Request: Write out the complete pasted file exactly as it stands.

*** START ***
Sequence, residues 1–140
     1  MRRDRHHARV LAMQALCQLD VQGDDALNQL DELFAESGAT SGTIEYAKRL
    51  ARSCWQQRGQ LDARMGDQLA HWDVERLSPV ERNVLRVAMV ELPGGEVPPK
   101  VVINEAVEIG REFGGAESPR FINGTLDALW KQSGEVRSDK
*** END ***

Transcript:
Sequence, residues 1–140
     1  MRRDRHHARV LAMQALCQLD VQGDDALNQL DELFAESGAT SGTIEYAKRL
    51  ARSCWQQRGQ LDARMGDQLA HWDVERLSPV ERNVLRVAMV ELPGGEVPPK
   101  VVINEAVEIG REFGGAESPR FINGTLDALW KQSGEVRSDK